Finally, it’s time to talk about the application.
I told you this wasn’t all about writing.
Most foundations use a two-step process. The first step is called a Letter of Inquiry or LOI. The second step is the Full Application, which I’ll discuss next.
The purpose of the LOI is for the foundation to learn about your work in a brief one to three page letter without making you create a full length application.
It used to be that a letter of inquiry was an actual letter in the mail. But now more and more foundations use an online application. Even so, they still call it a letter of inquiry.
Now pay close attention.
Each foundation handles the LOI process a little differently. You need to make sure you follow the right procedure or else you will end up straight in the reject pile.
Situation 1 - The funder has an online letter of inquiry
This should be fairly straightforward. Follow the foundation website instructions for creating a grant portal account and filling out their online application.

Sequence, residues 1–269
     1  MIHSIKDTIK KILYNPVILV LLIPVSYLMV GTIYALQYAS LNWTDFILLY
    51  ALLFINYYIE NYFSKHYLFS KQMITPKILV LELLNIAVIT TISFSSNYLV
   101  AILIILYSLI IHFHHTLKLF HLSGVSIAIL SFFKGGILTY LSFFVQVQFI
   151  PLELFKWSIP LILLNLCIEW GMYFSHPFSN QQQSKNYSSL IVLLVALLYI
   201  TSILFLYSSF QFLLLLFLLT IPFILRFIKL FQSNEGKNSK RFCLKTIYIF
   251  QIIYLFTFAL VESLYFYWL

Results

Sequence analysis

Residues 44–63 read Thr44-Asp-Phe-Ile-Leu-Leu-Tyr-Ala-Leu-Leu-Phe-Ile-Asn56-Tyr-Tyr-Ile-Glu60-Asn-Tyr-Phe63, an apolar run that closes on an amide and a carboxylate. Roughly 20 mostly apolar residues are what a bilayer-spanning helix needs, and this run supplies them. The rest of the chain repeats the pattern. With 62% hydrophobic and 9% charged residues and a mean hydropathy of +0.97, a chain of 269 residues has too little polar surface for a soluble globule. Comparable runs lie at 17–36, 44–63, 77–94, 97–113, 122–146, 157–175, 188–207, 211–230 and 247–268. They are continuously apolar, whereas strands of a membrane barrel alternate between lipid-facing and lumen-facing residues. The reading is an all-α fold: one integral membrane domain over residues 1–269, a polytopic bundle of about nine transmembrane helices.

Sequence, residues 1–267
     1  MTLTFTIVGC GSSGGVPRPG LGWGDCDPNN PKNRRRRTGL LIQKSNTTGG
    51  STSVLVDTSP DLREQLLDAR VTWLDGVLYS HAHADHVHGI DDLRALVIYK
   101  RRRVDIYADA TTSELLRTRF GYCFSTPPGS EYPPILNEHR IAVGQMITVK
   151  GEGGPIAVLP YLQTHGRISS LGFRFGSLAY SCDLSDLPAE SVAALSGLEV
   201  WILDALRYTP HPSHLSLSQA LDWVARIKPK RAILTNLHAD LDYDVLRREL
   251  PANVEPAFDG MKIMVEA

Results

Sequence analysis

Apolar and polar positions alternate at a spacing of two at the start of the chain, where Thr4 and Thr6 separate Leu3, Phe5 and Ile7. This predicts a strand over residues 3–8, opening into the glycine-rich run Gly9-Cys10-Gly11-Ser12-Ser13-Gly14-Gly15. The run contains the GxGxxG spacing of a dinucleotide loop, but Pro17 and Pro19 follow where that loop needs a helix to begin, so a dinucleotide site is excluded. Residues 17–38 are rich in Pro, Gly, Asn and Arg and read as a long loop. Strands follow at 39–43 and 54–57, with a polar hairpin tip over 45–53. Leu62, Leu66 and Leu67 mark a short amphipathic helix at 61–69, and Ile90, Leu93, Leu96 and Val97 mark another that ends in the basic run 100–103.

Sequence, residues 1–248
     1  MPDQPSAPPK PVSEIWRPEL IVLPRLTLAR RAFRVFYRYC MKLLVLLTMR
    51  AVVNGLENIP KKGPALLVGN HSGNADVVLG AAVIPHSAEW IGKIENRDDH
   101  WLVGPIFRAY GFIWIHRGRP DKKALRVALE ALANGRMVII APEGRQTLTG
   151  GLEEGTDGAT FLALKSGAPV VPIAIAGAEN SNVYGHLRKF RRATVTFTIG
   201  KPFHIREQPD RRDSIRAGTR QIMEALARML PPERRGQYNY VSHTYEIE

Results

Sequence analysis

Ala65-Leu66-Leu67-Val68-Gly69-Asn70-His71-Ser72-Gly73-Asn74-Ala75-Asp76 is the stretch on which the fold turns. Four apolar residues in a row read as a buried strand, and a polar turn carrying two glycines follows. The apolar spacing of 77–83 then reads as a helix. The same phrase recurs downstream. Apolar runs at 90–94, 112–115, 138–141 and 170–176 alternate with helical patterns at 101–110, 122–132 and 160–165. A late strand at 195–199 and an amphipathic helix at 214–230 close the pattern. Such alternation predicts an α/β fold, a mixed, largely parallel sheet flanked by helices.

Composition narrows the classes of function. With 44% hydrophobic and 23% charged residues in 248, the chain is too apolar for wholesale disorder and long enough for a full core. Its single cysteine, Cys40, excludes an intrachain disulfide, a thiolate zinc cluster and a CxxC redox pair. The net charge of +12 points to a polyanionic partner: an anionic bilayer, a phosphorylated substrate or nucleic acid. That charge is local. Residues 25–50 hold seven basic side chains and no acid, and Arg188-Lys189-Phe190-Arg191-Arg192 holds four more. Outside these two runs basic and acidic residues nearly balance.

If you are in the greater Los Angeles area, learn how you can save time and apply more effectively with our Universal Grant Application.
Situation 2 - The funder requests a hard copy LOI and provides instructions
You are going to be writing a hard copy letter. The key is to do exactly what the foundation asks for in the instructions. No more, no less.
If a page limit is given, stick to it. Otherwise aim for a one page letter.
Even if submitting the letter by email, be sure to put the document on organization letterhead, sign it, and address it in proper business letter style.
Situation 3 - The funder requests a hard copy LOI but does not give instructions
This is where it gets tricky. The funder now magically expects you to know what to write.
Situation 4 - The funder doesn’t specify
If the funder does not ask for an LOI, they might be an “invite only” foundation. The best thing to do is to call them and ask how to apply.
6) Submit a Full Application
If the funder is impressed by your LOI, they will invite you to submit a full application and give you instructions for how to do so.
This is the main event. All your other efforts have been leading up to this.